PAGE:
ct.gov

This year’s flu has been hitting the nation especially hard, and the Center for Disease Control and Prevention has listed the virus’ hold on Utah as widespread. In Utah County alone there have been nine flu-related deaths.

To help counteract the illness, hospitals across the state have been turning to a Utah-developed technology that has drastically cut the time it takes doctors to learn whether at patient is sick with the flu, or not.

It's a new way to do silk screening, that's for sure.

Bangalore-based Achira Labs has figured out a way to hand weave diabetes test strips from silk. That sounds pretty luxurious compared to the standard materials of plastic or paper. But silk turns out to have several advantages in a country like India, where weavers who can work a handloom are abundant and the material is readily available and inexpensive.

A trip to Disneyland is on many families' bucket lists, but that dream probably didn't including catching the measles.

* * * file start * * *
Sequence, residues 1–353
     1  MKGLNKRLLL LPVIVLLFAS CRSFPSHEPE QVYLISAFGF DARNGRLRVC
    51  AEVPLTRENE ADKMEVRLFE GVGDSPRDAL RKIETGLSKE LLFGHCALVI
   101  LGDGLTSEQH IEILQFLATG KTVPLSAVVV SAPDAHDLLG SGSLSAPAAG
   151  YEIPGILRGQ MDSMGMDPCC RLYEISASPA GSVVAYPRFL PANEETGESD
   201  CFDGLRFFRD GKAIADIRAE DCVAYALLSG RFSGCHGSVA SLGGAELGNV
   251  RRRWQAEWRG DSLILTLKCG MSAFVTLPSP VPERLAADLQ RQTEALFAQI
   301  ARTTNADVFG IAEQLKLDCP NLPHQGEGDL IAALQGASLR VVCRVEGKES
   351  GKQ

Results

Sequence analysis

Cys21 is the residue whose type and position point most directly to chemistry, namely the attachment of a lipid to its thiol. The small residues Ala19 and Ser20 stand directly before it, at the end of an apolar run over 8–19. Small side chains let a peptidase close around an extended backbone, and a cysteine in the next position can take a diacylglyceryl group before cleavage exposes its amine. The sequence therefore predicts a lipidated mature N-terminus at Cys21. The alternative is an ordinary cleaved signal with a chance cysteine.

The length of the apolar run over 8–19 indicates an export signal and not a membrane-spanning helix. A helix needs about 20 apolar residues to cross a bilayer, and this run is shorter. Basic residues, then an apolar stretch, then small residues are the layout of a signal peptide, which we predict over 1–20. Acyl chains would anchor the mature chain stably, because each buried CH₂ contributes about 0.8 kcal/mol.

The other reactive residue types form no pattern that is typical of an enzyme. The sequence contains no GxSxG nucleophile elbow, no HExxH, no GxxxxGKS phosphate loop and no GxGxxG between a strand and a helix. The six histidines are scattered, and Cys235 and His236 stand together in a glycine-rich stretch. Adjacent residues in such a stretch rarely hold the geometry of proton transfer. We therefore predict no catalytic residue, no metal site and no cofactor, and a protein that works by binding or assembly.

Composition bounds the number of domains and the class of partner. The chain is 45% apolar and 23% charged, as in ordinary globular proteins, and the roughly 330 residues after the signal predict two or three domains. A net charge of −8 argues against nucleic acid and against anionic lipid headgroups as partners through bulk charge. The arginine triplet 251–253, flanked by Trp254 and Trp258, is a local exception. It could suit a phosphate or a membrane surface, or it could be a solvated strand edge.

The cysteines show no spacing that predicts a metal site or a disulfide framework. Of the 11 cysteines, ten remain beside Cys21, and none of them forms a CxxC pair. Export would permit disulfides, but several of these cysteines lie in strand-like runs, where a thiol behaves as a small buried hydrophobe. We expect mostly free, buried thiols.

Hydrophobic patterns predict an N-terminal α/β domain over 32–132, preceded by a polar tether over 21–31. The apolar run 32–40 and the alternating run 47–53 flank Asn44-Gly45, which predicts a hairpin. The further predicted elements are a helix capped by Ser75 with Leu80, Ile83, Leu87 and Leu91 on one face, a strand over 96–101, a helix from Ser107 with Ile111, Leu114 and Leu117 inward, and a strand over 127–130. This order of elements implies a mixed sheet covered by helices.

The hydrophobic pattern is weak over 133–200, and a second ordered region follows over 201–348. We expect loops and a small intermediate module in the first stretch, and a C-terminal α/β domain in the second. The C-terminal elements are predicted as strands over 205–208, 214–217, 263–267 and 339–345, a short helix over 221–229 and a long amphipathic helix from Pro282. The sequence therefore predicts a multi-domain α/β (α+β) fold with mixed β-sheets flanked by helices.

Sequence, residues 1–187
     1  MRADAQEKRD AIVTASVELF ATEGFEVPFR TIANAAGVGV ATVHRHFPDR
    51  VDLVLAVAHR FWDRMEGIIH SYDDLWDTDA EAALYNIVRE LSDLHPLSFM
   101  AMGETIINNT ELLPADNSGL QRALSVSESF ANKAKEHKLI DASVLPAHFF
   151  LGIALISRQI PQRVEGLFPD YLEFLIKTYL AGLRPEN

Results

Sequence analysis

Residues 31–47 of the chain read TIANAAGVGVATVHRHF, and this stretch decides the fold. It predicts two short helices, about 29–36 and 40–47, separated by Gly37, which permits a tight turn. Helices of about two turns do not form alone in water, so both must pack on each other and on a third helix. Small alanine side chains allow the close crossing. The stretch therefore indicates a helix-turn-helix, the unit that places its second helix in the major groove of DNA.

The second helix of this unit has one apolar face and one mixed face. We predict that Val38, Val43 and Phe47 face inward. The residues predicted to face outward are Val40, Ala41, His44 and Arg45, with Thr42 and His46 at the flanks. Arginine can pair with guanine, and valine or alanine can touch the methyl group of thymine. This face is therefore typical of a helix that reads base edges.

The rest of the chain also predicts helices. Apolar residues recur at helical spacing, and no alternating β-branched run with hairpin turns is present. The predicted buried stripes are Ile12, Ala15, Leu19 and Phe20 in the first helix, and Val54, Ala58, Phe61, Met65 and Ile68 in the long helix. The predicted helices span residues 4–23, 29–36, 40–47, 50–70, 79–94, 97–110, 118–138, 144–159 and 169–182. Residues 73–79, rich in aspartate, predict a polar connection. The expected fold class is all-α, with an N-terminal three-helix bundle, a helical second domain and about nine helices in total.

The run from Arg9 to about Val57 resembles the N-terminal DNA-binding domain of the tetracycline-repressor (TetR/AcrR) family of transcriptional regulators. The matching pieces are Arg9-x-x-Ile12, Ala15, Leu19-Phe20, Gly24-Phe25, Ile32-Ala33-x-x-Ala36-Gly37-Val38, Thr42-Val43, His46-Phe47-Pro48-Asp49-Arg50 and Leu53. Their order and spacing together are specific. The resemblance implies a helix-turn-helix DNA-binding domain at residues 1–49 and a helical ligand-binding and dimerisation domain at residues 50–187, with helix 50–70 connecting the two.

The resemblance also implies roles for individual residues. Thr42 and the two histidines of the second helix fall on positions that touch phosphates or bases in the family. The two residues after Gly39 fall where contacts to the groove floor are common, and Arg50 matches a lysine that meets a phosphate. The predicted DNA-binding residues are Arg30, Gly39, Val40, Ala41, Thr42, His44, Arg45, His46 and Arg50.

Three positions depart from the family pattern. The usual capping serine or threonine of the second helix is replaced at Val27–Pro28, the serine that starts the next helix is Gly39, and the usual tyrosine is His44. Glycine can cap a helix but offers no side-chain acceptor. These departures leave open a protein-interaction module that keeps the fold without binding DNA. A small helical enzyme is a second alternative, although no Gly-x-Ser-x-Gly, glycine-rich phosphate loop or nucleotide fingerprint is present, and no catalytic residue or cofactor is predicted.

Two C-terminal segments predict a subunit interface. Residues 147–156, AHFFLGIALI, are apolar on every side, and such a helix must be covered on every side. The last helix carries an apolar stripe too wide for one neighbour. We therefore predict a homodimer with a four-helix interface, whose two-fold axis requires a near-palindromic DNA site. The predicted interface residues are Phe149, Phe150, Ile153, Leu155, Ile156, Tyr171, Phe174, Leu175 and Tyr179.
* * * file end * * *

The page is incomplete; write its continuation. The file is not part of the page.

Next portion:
Nine people who visited Disneyland or Disneyland California Adventure Park during December have confirmed measles cases, state health officials said Wednesday. Seven of the patients live in California and two live in Utah.

As New Year's resolutions go, cutting back on food and drink are right at the top of the list. And while those vowing to change their eating habits may cut the carbohydrates or say a sweet goodbye to sugar, for regular drinkers, the tradition may involve what's known as a "dry January": giving up booze for a month.

But could such a short-term breakup with alcohol really impart any measurable health benefits?

Copyright 2015 Montana Public Radio. To see more, visit http://www.mtpr.org.